The Bible 2
Only when burdened with the duty of describing AJJ’s music does its weirdness become fully apparent. In fact, “weird” is the only word that fits right, especially applied to Christmas Island, their 2014 full-length. While listening, songs like “Do, Re, Me” and “Best Friend,” with their sawed bass and strange organs, are sweet and hummable, folky and funny and almost normal. But try to describe “Getting Naked, Playing With Guns”—its cowboy chords, Sean Bonnette’s uneasy warble, his lines about killing the neighbor kid, the quiet keyboard solo lifted from “Just What I Needed”—and weird once again becomes the only word.
Their most recent release, The Bible 2, is less weird, but maybe only because its foundation—built on guitar and bass and 4/4 drumbeats—feel more familiar.
It picks up where Christmas Island left off: With Cody, whose Kool-Aid-stained lips were immortalized in the song “Angel of Death.” Fizzier than a shaken can of Coke, “Cody’s Theme” seems to match the destructive potential of its protagonist, but it backs off during it’s third chorus; “I had to talk to the teacher,” Bonnette sings, his voice hushed with a sort of remorse, “She talked to my mom / We had a real long talk.” Before long, though, the acoustic guitars explode, scritchy with distortion, and the dissonant keys stab in time with the stomping drumbeat—but not without showing a bit of depth.
“Cody’s Theme,” along with most of the songs on The Bible 2, repackages AJJ’s weirdness in an indie-rock wrapper that seems easier to swallow (or at least explain). “American Garbage,” which uses an allusion to Girls to make sense of oneself, sports fronds of beach guitars and breezy synths. “White Worms” bounces and bobs, its acoustic chords rattling against a tambourine, while Bonnette sings “I saw white worms coming out of your skin.” Guitars fidget beneath Bonnette’s fearful voice feels in “Terrifyer” as he sings “I witnessed greatness / I kicked its teeth in / More teeth sprouted just like the skull of a child.” Its strange, surreal lyrics like these that contribute to this dichotomy—weird and accessible—and work so well.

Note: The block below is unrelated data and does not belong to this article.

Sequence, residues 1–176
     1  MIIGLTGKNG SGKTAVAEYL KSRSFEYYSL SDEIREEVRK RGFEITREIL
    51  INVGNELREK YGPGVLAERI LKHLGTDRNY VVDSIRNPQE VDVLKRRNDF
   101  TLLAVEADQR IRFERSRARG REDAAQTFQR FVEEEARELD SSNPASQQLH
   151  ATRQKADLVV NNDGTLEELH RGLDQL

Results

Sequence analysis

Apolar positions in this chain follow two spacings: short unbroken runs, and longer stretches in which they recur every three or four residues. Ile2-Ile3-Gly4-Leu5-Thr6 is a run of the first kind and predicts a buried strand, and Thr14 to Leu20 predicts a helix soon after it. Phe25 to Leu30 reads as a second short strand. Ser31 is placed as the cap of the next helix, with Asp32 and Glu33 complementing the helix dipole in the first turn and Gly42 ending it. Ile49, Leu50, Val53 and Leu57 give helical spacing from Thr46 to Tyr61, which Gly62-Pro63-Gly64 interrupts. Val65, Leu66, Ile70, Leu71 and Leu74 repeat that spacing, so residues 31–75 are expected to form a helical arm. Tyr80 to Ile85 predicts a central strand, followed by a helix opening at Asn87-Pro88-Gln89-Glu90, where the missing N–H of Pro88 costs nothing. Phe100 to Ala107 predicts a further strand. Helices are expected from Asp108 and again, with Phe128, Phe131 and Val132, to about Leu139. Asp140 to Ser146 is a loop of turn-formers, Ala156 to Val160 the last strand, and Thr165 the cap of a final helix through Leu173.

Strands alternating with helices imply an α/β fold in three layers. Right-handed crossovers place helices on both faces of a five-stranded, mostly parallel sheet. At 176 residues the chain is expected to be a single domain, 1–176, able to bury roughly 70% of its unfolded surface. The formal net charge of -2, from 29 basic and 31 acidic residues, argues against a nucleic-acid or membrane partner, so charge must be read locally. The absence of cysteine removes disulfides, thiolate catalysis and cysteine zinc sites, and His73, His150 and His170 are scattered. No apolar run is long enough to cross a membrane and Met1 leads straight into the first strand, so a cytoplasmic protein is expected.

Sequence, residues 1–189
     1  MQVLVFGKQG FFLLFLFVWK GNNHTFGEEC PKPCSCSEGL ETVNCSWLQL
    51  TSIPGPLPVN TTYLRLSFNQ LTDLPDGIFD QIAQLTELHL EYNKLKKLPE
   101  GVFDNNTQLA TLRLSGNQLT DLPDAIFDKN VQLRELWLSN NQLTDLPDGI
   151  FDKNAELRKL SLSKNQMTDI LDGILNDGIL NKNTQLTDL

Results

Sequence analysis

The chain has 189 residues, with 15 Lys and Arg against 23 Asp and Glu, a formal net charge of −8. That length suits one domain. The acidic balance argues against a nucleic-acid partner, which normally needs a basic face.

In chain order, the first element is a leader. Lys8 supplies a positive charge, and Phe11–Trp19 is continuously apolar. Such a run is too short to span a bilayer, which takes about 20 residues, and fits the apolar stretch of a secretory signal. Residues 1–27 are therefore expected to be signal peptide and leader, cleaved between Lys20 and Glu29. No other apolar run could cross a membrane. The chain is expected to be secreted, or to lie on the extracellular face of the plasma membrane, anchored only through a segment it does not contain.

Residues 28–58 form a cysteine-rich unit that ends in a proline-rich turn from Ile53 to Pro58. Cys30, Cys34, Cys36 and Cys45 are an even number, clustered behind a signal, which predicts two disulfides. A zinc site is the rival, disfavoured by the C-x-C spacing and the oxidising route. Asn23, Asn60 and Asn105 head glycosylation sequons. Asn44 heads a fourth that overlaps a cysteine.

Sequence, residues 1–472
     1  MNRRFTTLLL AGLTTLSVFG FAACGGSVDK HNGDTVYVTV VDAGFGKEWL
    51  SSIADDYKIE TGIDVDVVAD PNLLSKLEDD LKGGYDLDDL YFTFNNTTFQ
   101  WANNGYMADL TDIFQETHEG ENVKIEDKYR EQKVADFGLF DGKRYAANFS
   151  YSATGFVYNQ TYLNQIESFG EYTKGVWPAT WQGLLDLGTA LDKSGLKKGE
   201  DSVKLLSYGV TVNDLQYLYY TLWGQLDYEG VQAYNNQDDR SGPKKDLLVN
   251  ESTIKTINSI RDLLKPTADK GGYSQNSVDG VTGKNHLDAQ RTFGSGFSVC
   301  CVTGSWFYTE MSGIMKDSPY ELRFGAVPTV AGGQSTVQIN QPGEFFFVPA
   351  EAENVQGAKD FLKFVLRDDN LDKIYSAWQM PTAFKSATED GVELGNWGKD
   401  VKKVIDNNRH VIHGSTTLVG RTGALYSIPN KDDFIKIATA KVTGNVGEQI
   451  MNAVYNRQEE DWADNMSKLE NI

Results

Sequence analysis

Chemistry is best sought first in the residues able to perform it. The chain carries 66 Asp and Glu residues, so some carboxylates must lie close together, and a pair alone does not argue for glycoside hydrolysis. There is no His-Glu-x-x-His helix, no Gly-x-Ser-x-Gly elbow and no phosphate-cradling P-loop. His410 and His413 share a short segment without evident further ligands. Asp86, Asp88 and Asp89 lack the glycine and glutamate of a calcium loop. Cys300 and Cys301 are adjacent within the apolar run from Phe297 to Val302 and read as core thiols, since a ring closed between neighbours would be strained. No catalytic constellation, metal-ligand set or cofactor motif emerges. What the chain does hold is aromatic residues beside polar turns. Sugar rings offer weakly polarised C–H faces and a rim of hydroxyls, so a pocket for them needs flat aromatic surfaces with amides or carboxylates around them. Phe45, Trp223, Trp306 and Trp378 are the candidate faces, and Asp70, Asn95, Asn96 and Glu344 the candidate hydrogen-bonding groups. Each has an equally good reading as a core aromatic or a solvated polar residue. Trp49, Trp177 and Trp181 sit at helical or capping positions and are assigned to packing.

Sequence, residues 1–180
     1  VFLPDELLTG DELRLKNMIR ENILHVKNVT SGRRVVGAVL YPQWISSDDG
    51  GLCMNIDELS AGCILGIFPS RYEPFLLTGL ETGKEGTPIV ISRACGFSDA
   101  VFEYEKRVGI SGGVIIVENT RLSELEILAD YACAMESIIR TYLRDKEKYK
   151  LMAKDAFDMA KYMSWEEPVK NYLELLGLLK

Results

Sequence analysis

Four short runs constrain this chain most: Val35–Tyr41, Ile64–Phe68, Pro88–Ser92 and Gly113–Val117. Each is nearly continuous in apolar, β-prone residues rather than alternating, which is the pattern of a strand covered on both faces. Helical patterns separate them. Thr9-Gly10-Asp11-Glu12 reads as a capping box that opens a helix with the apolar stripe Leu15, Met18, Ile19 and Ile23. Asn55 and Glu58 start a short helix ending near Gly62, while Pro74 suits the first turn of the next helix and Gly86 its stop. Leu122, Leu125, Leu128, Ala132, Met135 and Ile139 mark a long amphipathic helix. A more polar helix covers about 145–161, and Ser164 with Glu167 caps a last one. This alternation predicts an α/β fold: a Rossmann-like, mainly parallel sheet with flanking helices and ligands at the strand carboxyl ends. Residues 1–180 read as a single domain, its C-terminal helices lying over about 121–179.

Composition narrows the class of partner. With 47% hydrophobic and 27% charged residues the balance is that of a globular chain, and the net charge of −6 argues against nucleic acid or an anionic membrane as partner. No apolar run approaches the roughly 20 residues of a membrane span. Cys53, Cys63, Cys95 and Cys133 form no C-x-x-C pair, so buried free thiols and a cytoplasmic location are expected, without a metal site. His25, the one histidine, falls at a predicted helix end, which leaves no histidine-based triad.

Like other AJJ’s albums, The Bible 2 contains within its weirdness and surrealism moments of grace and truth. On Christmas Island, the raw confession contained in “Linda Ronstandt” became a kind of climax; Bonnette returns to this honesty in songs like “No More Shame, No More Fear, No More Dread,” a sentimental piano ballad that somehow captures perfectly the pain of pain, the sorrow of sorrow. “When something I hold dear is out to hurt me,” he sings, “I kick that feeble dream then whisper something like a prayer: / No more shame, no more fear, no more dread.” Similarly, “Small Red Boy,” starts so strange, with its thin acoustic chords and Bonnette’s line “I found a small red boy inside my tummy / With three dollars in change and a Milky Way Lite.” But the song builds so solemnly, with dark strokes of cello slanting behind Bonnette’s wavering voice, toward a sort of figurative, imagery-ridden epiphany about the evil inside ourselves.
And then there’s that bridge in “Goodbye, Oh Goodbye” where Bonnette quietly about avoidance—“Seventh grade was hard enough / Someone thought that they knew me / If I stay in bed long enough / They’ll go to church without me / if I move away enough / they won’t outrun me / Goodbye, oh goodbye”—that’s so sharp and so sad that, as the song rumbles back to life, its bound to induce tears of recognition.
This, of course, is what makes The Bible 2 so brilliant—not its strange poetry or mismatched instrumentation, and not its folk disguised as punk-rock disguised as folk, but its introspection, its sincerity, its courage; it’s in Bonette’s ability to convey these more palpably in the absurd. All of this, of course, contributes to a weirdness that only becomes fully apparent when burdened with the duty of describing it, but that only needs a couple spins to be understood and completely appreciated.